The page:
“Contentment is not manufactured by thinking. When you are in santosha you are established in the witness.”        -Gurudev

In Amrit Yoga santosha means being content and grateful for reality exactly as it is now, regardless of the self concepts that intervene to make reality appear to be insufficient or incomplete.


Honestly, clearly looking at oneself. A yogi “reads her own book of life, at the same time she writes and revises it” -BKS Iyengar. Studying scriptures, meditating, and self-reflecting in order to realize your divine nature. Attuning to, and trusting in your intuition.

Affirmation: I am divine knowledge. All knowing is within me. I trust my inner knowing and my intuition to guide me.

Swadhyaya is composed of two words: “swa” meaning “Self” or Atman, and “adhyaya” meaning “to study;” that is, “to study the Self or Atman.” We practice swadhyaya to get to know our true Self.

“Amrit Yoga’s transformative and healing impact is founded on introspection, self observation, and self study – swadhyaya – where the unconscious  beliefs, self concepts, resistances, reactions emotions, and self rejections are clearly revealed and exposed to the light of consciousness.”    Gurudev

As our unconscious or preprogrammed self-image is exposed to the light of consciousness  the true Self is revealed.  Witness consciousness is a fundamental practice in revealing the limitations of identifying with our self- image. Only by being the witness are we able to disassociate from the bondage of the self-image.  When we witness our emotions, thoughts, reactions, likes and dislikes we discontinue feeding the self-image. As the witness starves the self-image, the Higher Self begins to reveal itself. Swadhyaya is a journey of Self-discovery – of Self-realization.

In the practice of swadhyaya we also come to realize the Self through repeated study and contemplation of yogic scriptures, studying wih a master, chanting the name of the Lord, practicing japa,  and self inquiry. Practicing self-study means to search for the meaning behind the essential philosophy by asking universal questions such as “Who is the Self?”, “Who created the universe?”, “who am I?”. To answer these questions we must experientially study the Self throughout our entire journey.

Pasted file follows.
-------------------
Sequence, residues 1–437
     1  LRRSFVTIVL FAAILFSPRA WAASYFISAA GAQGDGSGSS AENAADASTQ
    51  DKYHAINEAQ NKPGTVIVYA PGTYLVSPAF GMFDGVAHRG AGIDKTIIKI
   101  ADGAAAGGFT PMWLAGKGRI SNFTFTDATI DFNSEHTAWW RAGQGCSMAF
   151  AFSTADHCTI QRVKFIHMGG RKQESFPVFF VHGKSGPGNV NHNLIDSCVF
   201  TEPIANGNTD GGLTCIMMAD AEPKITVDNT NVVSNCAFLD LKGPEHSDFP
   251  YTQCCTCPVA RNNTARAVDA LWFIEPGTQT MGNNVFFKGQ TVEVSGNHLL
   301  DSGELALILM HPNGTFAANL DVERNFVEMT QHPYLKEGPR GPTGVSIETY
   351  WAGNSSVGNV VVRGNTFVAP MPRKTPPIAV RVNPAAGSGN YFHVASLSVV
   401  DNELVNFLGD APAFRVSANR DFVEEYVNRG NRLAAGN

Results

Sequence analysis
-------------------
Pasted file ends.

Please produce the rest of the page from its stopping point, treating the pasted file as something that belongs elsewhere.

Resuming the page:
“Self observation is the way of the Masters.”  Gurudev


Tapas means “to blaze”.  Connection with the inner fire that urges us on to develop, to love life and all that we do.  The heat or fire of asana, pranayama, and other spiritual practices (sadhana) which burn away impurities.  Once we are in touch with that inner desire, sadhana no longer becomes an effort, something we have to force ourselves to do.  We really want to do it, from a deep inner knowing of its true effect and true meaning.

Affirmations: I touch the source of divine fire in me and let it work in my life. I am purified and radiant. I am the light of consciousness.

“Tapas” in Sanskrit means “to generate light and heat ” – as in the process of smelting or making finer metals.   Just as fire purifies gold, restraint or discipline purifies the seeker.  In the Bhagavad Gita, Lord  Krishna discusses the three types of tapas; tapas of the body , tapas of speech and tapas of the mind.

Tapas of the body is defined as the worship of God, guru, Brahma, sages and the practice of purity, moderation, and nonviolence.  The regular practice of Hatha yoga postures creates the inner fire that burns away impurities, removing toxins and other blockages in the body.  This disciplined action is performed with the desire to blaze to “generate light and heat” and to stoke the inner fire that leads us to love life and all that we do.

“To purify the mind, the average seeker should begin by attempting to accomplish tapas of the body. Tapas of speech and tapas of the mind will automatically follow.”    Bapuji

Tapas of speech  means speaking words that give no offense and which are truthful and beneficial. Generally, mental stimulation dictates the manner in which we speak.  When we are displeased and speak while the mind is disturbed, our speech usually creates disturbances in others.  When we hear bitter words we experience agitation, likewise,  when we speak bitterly we inflict pain on others.  Bapuji suggests we begin by practicing speaking lovingly to family members and loved ones.  We must practice restraint and discrimination in speaking in order to be at peace within ourselves and to extend peace to others.

“Even loved ones and family members become alienated by bitter speech. Yet, even those who are alienated can become reconciled through loving speech.” Bapuji